Does anybody else feel that this current controversy over the status of Pluto is a bit silly? Official planets? Give me a break. That's not science.
This is a perfect time for us all to revisit the structure of solar systems. There are of course many types of objects that orbit stars. What we have traditionally called "planets" are just one type.
On the flight home yesterday from a conference, I quickly sketched out my ideas for rethinking the structure of this and other solar systems. We'll get to the status of Pluto in just a bit.
A solar system is simply a collection of objects that orbit one or more stars (yes, there are binary star systems, and I'm holding open the possibility of triple-star quadruple-star, and even more star-packed systems). That being said, the basic entities and relationships in solar systems are as follows:
- Star(s): the orbital hub(s) of all objects in the system; example, our sun
- Orb(s): the objects that orbit the star(s) of the system; may be massive or minute; examples, our "planets," comets, asteroids, microscopic particles floating in the void between other orbs
- Ring(s): the discrete paths of grouped, like orbs in the system; examples, the inner "ring of rock" around our sun (primarily including Mercury, Venus, Earth, Mars, and the asteroids); the "ring of gas" (including Jupiter, Saturn, Uranus, and Neptune); the "ring of ice" (including Pluto, Charon, Xena, the Kuiper Belt, and whatever else lies out beyond)
- Satellite(s): orbs that orbit other orbs in the system; examples, the moons the various planets; the rocks, dust, and other objects in the rings of various planets
Notice that I've defined "orbs" to include all objects, from microscopic to Jupiter, that directly orbit the sun, or that orbit other orbs. The crux of the debate over Pluto is whether it's too small to qualify as a "planet" in the traditional sense of that word. Well, maybe we shouldn't using that word any more--it's become an arbitrary, non-scientific term that obscures and distorts the actual structure of the solar system.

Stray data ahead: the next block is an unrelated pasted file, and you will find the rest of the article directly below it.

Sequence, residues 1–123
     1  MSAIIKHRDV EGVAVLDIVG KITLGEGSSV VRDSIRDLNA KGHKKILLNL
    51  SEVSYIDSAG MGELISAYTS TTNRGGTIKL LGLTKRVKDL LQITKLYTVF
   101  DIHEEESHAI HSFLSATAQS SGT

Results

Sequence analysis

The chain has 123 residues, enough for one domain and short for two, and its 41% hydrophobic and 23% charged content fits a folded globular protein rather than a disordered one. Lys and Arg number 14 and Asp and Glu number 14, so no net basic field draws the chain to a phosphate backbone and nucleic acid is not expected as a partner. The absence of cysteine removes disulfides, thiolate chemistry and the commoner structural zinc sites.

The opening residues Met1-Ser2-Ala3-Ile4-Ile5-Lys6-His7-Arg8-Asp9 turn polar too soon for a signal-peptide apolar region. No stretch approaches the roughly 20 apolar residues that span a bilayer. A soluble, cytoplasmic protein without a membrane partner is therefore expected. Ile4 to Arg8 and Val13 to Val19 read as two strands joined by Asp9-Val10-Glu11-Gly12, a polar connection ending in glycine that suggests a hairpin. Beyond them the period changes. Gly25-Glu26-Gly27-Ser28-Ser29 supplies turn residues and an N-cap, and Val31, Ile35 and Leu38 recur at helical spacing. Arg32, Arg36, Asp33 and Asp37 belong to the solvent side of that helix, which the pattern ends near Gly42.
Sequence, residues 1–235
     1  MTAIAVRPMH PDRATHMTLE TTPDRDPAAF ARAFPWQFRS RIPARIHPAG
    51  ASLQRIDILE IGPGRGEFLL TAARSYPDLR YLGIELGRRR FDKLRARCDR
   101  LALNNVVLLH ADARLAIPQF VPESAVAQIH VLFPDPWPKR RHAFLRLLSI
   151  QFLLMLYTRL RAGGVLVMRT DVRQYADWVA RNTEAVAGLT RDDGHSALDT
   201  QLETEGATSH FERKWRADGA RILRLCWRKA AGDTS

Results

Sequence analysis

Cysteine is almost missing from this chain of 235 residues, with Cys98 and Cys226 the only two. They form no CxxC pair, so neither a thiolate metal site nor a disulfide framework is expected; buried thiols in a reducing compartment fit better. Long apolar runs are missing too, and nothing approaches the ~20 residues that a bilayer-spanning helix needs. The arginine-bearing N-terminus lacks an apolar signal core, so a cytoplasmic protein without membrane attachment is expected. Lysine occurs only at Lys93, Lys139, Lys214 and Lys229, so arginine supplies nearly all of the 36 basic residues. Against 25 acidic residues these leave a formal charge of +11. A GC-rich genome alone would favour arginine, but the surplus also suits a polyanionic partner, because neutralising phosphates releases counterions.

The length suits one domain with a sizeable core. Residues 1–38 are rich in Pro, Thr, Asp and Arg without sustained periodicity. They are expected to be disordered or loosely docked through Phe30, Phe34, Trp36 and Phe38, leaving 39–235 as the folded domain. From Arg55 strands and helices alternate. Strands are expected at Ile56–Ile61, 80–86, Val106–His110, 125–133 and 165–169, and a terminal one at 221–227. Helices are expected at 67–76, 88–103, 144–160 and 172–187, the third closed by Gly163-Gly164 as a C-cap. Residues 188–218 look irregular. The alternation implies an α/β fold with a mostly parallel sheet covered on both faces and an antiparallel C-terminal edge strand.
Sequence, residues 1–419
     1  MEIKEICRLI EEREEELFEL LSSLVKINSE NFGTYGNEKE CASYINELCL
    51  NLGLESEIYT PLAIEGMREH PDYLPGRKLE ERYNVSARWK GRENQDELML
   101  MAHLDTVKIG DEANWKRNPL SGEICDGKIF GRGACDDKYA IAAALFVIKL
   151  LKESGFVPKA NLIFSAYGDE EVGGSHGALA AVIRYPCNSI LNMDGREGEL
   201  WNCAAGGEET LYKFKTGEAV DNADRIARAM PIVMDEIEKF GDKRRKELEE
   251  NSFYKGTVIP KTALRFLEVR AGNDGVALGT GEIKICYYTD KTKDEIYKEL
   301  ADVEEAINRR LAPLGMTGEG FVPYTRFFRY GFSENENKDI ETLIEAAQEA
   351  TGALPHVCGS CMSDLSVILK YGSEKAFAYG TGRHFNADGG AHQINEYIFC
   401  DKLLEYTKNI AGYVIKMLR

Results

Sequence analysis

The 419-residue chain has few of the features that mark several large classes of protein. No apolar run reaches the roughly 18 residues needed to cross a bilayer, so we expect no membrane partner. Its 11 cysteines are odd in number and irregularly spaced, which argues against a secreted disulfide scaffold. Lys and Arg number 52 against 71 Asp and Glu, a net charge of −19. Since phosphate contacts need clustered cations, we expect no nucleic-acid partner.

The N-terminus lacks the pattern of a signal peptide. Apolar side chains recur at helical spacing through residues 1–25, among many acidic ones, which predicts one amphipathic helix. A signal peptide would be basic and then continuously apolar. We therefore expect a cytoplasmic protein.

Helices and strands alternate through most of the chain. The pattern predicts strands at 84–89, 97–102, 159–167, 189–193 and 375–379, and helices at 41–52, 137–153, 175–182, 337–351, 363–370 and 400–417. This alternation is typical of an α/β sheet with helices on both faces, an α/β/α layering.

But before we do that, let's ask why we have historically latched onto this term. What exactly is a planet, in the traditional sense of the word? My sense is that it's an orb that is massive enough to a) appear in telescopes, b) has great enough gravitation to pull its shape into a sphere, and c) has essentially cleared out its own orbital path, through centripetal attraction and collisional deflection, of all other nearby orbs.
"Appearing," "sphering" and "clearing" are the three core criteria for "planets," in the traditional sense of the word. Orbs smaller than a given threshold don't appear, sphere, and clear; rather, they simply jostle with other dark, irregular orbs into their aggregated rings; those aggregated rings and some of their constituent objects (e.g., asteroid belt) may occasionally appear, but they may occasionally clear out their own tiny neighborhoods (after all, these are huge empty neighborhoods, for the most part), but they don't sphere.
So never fear. To sum up: Pluto is the first-discovered orb in the ring of ice that satisfies all three planetary conditions: appear, sphere, and clear. Comets appear and clear, but aren't massive enough to sphere on their own (yes, they occasionally get whittled through solar wind into roughly spherical shapes, but that's a transient condition of the ever-changing ever-changing shape of an ever-diminishing object).